IMHO: They sure in heck don't build em like they use to.

I got to visit the old building one last time last October, and I'm still mourning it. The new VC is sterile, the views aren't that good, and it seems to be centered much more on the gift shop than on the actual mountain. Yes, I know the old rotunda was a maintenance nightmare and horribly inefficient by today's standards, but I spent much of my life, from very early childhood, running those ramps and climbing the curving rock buttresses, and I always looked forward to going back. It may have looked like a 'flying saucer', but the new VC looks like a maintenance shed.

You'll be missed, Henry.


I visited Paradise and its new Visitor Center yesterday on a beautiful snowy day. The VC is small, has few indoor tables for picnics , and looks just like the interior of the REI store in Seattle. It's pretty, but I miss the huge flying saucer.

The old visitor center had an amenity that will be sorely missed. It had two pay showers that served campground visitors. Not only that, but it had perhaps the most reasonable price I've seen in several years of camping - 25 cents gave 7 minutes of reasonably warm water; I remember coin-operated pay showers at other places for anywhere from $1 for 3 minutes to $3.50 for 7 minutes (plus 25 cents for each additional minute if inserted before time runs out).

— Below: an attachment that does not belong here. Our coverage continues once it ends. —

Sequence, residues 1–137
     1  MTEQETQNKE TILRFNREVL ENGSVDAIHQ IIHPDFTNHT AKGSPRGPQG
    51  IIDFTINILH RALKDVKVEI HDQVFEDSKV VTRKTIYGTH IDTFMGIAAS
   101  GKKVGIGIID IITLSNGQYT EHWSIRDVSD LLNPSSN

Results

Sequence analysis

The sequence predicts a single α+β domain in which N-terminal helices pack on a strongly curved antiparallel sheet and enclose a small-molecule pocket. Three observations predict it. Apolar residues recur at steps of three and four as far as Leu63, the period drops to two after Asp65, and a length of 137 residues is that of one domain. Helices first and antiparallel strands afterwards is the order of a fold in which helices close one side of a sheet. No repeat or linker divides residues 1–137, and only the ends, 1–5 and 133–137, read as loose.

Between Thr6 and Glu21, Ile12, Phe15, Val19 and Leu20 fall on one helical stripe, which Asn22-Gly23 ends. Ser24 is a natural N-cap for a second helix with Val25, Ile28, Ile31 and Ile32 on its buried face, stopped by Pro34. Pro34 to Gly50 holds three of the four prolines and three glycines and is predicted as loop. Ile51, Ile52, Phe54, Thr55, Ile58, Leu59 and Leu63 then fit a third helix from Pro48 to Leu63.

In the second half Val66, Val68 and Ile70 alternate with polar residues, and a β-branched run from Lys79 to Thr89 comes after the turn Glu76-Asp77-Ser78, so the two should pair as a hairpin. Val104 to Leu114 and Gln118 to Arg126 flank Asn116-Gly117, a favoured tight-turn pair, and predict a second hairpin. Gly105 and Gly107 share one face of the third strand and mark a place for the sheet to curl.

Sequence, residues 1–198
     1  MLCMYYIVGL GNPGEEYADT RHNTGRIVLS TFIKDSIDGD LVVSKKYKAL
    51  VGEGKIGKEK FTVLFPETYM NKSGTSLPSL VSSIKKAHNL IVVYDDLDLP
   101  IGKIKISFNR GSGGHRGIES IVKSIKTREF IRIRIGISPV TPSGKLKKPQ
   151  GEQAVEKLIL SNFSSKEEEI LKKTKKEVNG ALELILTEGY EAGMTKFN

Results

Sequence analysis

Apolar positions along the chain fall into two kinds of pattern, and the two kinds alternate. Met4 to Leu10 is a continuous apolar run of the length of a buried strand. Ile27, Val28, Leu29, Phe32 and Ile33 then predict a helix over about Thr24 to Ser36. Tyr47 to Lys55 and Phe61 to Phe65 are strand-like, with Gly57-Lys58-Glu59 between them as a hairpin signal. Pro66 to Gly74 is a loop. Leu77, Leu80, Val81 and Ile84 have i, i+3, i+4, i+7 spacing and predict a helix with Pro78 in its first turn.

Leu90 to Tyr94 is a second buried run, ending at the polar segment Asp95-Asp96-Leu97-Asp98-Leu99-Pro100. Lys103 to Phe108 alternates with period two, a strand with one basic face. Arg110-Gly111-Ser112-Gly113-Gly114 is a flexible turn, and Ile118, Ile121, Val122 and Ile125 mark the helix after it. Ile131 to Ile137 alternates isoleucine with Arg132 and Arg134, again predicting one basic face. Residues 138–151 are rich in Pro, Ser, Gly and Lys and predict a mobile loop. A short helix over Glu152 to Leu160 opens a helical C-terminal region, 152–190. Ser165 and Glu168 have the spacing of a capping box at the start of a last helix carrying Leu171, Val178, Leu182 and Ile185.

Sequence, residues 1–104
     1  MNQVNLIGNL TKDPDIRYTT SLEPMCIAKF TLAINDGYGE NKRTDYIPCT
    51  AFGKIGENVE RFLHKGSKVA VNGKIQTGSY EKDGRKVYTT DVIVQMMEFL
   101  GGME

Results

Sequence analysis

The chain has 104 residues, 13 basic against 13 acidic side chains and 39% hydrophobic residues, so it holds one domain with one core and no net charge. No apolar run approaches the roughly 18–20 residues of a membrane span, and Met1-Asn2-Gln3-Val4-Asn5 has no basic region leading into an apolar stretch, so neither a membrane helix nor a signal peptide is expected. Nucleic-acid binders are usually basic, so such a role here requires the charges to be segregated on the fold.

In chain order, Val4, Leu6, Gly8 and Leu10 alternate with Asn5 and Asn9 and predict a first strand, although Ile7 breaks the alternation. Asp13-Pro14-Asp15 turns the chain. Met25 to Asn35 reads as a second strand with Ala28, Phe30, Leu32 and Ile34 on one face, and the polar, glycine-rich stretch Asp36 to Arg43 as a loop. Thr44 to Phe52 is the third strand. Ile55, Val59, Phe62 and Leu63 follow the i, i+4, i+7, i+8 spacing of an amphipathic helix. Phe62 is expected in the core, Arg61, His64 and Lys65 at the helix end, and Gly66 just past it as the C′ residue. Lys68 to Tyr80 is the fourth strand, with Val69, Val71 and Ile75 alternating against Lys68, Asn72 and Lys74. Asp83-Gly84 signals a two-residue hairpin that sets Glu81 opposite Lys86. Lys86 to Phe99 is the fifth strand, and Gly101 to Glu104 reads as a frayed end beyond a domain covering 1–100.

Now one has to go outside of the park in order to find a public shower facility. I guess they didn't want to deal with people coming to the visitor center just for the showers.

not only did it have showers ... but it had larger and higher through-put toilet facilities ... nicer ones ... and it has space for a LOT of storage and emergency gear ... it was strong and designed to take dynamic loads from a variety of axes safely ... earthquakes and huge loads from snow and even avalances .. and yes , it was odd and circular and looked like general atomics had gotten the contract for a nuclear space ship ... but it was a sound FUNCTIONAL design ... 

It should have been preserved ... given the expense building it ... for mountaineering ... rented to firms or regbuilt inside as rental spaces or such ... not torn down ... 

National Historic Registry wouild have been a good idea ... 

The new building not only lacks novelty or style ... it is so generic as to bore folks to death ... and ftankly ... looks no more energy efficient ... actually less ... than the old circular center ... 

pretty sure if you slam it with a good earthquake and snow load ... it will crumple ... 

the best that can be said for it ... is that it has a boring gift shop in the boring building ... nothing offensive about the place

but is "not offensive" now our highest standard for public architecture ? 

depressing thought ... that ...